While most languages are based on mundane stuff like nouns and verbs, Japanese relies upon nods, grunts, and assumptions. Japanese folks pride themselves on being able to “read the air,” along with their powers of ishindenshin, or ESP. Apparently, it’s possible to know what others think and feel without them having to articulate it, like Jedi. I’m like, Yeah, that’s great, but have you tried words? Of course, I never actually say that. I just think it real hard.
So a couple months ago, I was having beers with Ikeuchi-san in the rear of this little shop in the train station. They have remarkably good french fries. I suggest you dip them in a bit of mayonnaise, soy sauce, and pepper flakes. Straight flavor country. And just when I had a big mouthful of spicy fries and beer, Ikeuchi-san opened his handbag and passed me a long, thin, and very heavy object wrapped in newspaper.
“Know what this is?” he asked.
“A skinny lead dildo?” I mumbled through the fries.
“It’s a jitte,” he said.
I’d never heard the word, so I looked it up in my phone’s Japanese-English dictionary, which defined it as a “truncheon.” Then I had to look that up in an English-English dictionary.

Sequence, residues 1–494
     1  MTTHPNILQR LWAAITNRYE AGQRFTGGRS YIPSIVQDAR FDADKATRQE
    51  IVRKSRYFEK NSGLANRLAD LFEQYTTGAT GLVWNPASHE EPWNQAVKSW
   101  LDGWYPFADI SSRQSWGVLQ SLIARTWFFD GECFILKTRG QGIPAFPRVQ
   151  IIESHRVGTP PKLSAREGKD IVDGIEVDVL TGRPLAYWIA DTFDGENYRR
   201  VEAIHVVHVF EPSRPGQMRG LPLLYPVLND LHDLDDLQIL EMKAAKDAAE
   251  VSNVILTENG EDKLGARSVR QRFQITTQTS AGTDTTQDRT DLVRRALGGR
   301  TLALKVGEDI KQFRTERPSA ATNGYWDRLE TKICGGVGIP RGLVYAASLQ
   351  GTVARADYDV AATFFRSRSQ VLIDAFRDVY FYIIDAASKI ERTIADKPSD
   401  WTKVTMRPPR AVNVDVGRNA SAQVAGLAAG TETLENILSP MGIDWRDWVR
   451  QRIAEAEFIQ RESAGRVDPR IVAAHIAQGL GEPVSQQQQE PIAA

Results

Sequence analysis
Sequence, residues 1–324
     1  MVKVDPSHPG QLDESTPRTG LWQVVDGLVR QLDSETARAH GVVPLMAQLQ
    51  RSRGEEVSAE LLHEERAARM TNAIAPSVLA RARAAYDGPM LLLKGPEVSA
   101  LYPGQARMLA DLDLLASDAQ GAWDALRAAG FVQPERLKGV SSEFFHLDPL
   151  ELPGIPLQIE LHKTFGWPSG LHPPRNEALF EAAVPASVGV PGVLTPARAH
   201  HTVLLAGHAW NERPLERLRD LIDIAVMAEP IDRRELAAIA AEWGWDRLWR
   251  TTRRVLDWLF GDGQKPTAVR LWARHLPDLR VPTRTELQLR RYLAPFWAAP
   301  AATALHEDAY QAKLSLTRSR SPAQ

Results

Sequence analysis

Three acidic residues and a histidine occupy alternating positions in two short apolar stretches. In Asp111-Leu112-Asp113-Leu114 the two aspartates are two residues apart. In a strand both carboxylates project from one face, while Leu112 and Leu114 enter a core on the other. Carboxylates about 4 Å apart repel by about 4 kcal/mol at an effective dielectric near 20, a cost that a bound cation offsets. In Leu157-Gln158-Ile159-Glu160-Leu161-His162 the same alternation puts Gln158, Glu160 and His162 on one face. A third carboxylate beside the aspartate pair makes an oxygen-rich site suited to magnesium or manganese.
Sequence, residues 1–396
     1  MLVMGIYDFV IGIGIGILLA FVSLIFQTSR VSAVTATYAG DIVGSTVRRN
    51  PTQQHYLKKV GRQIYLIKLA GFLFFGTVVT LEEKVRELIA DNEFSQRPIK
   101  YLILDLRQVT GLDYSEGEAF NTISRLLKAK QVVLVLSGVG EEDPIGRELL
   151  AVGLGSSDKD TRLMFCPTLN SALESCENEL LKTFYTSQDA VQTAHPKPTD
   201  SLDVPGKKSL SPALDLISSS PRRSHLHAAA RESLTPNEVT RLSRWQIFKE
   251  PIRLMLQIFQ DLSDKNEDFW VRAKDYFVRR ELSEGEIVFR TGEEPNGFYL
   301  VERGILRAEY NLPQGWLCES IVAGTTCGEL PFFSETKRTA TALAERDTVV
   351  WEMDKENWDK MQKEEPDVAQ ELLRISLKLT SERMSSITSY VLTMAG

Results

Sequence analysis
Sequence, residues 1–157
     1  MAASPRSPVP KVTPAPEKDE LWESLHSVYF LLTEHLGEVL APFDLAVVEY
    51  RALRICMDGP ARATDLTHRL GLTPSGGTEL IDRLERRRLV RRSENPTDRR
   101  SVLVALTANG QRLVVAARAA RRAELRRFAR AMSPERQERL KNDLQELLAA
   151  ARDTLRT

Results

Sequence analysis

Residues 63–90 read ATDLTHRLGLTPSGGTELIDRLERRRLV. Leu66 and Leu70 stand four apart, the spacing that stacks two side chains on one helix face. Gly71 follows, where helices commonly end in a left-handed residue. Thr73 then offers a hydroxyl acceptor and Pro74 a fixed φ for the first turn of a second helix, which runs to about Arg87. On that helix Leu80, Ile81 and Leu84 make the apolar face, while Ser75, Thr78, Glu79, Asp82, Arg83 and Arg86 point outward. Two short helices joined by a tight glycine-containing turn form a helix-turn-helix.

“After I moved out,” Ikeuchi-san said, “the only apartment I could afford was in the wrong part of town.”
“So you left your wife, and now you’re carrying around a metal pipe? Not judging, just asking.”
“I don’t want to get mugged.”
“Fair point,” I said. “But you guys had a nice place—can’t you just move back in?”
“She makes me scrub the bathtub,” he groaned. “Plus she’s emotionally unstable.”
I wanted to ask a few more questions, but I knew what his answers would be, and of course he knew what I wanted to ask, thus there was no need for any further discussion. So we just stared at our beers and thought telepathic thoughts.
So while I’ve already laid out reasons why you shouldn’t marry a Japanese woman, the men in this country are hardly any better. I wouldn’t marry a Japanese man either. Unless he was rich, of course. The common dynamic is Controlling wife/Mentally-or-physically-absent husband. The women dictate what they expect to be done and the men hide out to avoid doing it. Hey, whatever it takes to get you to that fiftieth wedding anniversary.
In the end, it’s worth remembering that men and women in Japan are two sides of the same coin. Perhaps if Japanese husbands communicated more, the wives wouldn’t feel compelled to boss them around as much. And if Japanese women weren’t so controlling, men would . . . well, clearly that’ll never happen, so forget I mentioned it.
And then a couple days ago, I got a text from Ikeuchi-san. I don’t know why he texted me when he could’ve just used the Force. Anyhow, he worked things out with his wife and no longer walks around clutching a truncheon. He didn’t move back in though. Instead, he rented the apartment next door to his wife. Brilliant. That may be the closest anyone will ever come to marital bliss in Japan.